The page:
This bar graph (the horizontal axis is labeled 'Coating System,' and the vertical axis is 'Gloss Reduction, %') shows the gloss reduction of each of the 11 test coatings after the 2-year outdoor exposure. System 11, a 2-coat blend of organic, zinc-rich epoxy and a polysiloxane topcoat, performed best, losing only about 3 percent of its gloss. On the other hand, System 1, a 2-coat blend of zinc-rich MCU and a polyaspartic topcoat, lost 90 percent of its topcoat. The other 9 systems generally lost 60 to 90 percent of their gloss.
This bar graph shows the gloss reduction of the 11 rapid deployment test coatings after the 2-year outdoor exposure in a marine environment. Compared to the laboratory tests, the outdoor exposure had a much more dramatic impact on reducing the coating gloss.

Use as Recommended

The FHWA study showed that with regard to physical and chemical properties, all the topcoats in the two-coat systems dried quickly. The gloss of the two-coat systems diminished after the laboratory test but stayed the same for the three-coat systems. Conventional aliphatic polyurethane showed slightly better performance than the fast-dry polyaspartics, polyurethane, and polysiloxane after the lab test using a UVA lamp. However, only polysiloxane retained much of its gloss under the intense UV conditions at Sea Isle. And adhesion strength showed little variation in either the laboratory or outdoor tests. Even though the "aesthetic appeal" of the paint diminished as the gloss decreased, the integrity of the coating systems remained approximately the same; however, any decrease in gloss may be an indicator of material deterioration.

In terms of rust creepage, the study revealed that the currently available two-coat, zinc-rich primer/fast-dry topcoat systems (where both primer and topcoat are provided by the same manufacturer) all performed well, without any surface failures, but with zero or a small amount of rust creepage at the scribe after both the 5,000-hour accelerated laboratory test and the 2-year outdoor exposure in a salt-rich environment.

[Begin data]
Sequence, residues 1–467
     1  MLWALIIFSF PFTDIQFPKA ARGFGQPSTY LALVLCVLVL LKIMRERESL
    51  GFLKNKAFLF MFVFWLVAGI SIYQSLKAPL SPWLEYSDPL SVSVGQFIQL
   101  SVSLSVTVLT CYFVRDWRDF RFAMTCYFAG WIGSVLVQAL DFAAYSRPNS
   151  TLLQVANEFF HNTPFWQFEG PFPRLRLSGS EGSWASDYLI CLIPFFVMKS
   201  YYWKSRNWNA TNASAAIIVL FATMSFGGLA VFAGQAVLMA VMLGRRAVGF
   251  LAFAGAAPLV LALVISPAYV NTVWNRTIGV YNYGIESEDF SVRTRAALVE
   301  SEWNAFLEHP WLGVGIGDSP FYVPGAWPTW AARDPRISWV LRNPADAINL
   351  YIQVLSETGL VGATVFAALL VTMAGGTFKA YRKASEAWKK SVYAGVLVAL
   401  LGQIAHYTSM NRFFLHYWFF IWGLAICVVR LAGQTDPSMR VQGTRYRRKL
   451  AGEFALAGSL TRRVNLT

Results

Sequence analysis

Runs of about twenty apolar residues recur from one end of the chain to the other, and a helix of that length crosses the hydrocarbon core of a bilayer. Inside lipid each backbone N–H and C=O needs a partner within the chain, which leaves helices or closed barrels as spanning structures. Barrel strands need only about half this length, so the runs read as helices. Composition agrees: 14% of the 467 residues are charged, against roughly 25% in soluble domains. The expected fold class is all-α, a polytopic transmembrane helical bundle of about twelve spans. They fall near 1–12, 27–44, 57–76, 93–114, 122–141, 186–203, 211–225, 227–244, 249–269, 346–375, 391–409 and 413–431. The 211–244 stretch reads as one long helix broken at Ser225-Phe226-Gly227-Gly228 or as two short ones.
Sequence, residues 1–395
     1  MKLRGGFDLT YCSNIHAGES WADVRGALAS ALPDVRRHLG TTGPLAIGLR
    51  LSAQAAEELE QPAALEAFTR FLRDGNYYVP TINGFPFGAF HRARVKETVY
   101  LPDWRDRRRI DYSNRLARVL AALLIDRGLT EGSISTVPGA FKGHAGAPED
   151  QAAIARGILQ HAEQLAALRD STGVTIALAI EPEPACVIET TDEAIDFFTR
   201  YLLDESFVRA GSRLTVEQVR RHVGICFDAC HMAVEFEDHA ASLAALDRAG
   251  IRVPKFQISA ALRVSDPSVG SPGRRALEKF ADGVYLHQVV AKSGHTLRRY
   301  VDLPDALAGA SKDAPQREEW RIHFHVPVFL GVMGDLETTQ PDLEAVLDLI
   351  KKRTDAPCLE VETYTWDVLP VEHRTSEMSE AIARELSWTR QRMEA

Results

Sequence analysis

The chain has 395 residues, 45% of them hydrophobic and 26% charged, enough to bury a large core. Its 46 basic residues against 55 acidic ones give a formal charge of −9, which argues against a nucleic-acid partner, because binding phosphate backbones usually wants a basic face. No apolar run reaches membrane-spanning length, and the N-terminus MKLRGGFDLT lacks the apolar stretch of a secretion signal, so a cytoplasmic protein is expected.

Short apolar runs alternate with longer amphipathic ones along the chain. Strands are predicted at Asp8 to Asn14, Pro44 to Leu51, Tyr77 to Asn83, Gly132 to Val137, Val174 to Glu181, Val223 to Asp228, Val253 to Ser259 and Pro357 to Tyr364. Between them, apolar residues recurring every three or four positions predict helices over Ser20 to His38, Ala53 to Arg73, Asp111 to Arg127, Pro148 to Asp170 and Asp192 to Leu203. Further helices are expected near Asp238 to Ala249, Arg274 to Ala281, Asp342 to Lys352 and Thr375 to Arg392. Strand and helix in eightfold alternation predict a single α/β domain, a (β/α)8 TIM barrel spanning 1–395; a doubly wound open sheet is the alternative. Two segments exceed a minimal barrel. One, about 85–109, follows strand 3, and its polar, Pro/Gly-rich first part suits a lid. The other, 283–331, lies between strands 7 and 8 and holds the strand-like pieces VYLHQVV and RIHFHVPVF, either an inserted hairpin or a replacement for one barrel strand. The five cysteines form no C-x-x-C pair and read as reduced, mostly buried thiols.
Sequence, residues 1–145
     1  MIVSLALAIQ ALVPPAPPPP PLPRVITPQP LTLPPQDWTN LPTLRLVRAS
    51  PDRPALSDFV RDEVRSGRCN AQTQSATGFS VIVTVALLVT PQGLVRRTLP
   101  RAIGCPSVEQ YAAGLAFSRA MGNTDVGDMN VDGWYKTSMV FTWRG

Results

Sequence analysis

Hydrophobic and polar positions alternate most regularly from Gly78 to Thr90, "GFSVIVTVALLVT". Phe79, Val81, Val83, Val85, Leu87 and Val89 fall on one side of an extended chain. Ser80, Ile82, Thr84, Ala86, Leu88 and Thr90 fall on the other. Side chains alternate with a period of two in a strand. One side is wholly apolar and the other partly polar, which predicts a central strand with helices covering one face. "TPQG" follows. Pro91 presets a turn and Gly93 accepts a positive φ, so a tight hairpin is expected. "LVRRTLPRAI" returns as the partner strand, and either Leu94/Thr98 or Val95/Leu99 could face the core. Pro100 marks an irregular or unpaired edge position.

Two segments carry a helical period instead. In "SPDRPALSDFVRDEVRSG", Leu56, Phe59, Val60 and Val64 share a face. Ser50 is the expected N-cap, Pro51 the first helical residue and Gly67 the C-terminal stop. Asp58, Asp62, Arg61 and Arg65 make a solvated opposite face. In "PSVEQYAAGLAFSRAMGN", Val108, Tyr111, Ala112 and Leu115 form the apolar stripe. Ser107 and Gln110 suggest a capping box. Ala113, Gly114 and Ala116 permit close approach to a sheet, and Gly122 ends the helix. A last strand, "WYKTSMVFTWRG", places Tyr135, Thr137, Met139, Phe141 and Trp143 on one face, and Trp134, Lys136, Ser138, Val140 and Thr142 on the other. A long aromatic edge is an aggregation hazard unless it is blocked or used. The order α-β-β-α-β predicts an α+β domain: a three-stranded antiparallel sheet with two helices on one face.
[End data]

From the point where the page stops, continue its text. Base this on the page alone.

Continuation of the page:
Ultimately, the FHWA researchers concluded that the two-coat systems performed comparably to the conventional three-coat, zinc-rich primer/epoxy/polyurethane systems. The results obtained in the FHWA study indicate that the new two-coat, zinc-rich coating systems can replace the three-coat systems to protect steel structures without sacrificing much corrosion resistance. At the same time, painting costs and traffic congestion will be reduced. Shop painting of new steel bridge structures using two-coat systems is recommended by FHWA to ensure good performance.

In addition, the researchers found that the organic zinc epoxy primer topcoated with two different polyaspartics performed as well at the scribe as those topcoated with the matched intermediate coat and topcoat designed by the same manufacturers. However, one of the two systems developed topcoat-wrinkling failures after the laboratory test, and both systems displayed cracking after the 2-year outdoor exposure. As a result, the researchers advise that the organic zinc epoxy primer as well as the inorganic zinc alkyl silicate primer should be used only with their own matched topcoats; otherwise, their performance may be reduced when they are topcoated with polyaspartics. Further, these results indicate that the new polyaspartic topcoats should be used with the MCU primers as specified by their manufacturers and not as topcoats for the organic zinc epoxy primer or inorganic zinc alkyl silicate primer.

These are the results to date. To collect additional data, FHWA will continue working with State DOTs to evaluate the field performance of the two-coat system on existing bridges.


Shuang-Ling Chong, Ph.D., has been a research chemist at FHWA since 1989. Chong's responsibilities have included managing the Paint and Corrosion Laboratory, studying accelerated testing of various bridge coatings, and developing methods for characterizing coating materials and failures. She earned her doctorate in physical chemistry in 1969 from Rutgers, The State University of New Jersey.

Yuan Yao is a chemist employed by Soil and Land Use Technology, Inc. She works onsite at FHWA's Turner-Fairbank Highway Research Center. Yao earned her M.S. degree in chemistry from the University of North Carolina at Charlotte in 1991.

For more information, contact Shuang-Ling Chong at 202-493-3081, shuang-ling.chong@fhwa.dot.gov, or Yuan Yao at 202-493-3092, yuan.yao@fhwa.dot.gov.

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United States Department of Transportation - Federal Highway Administration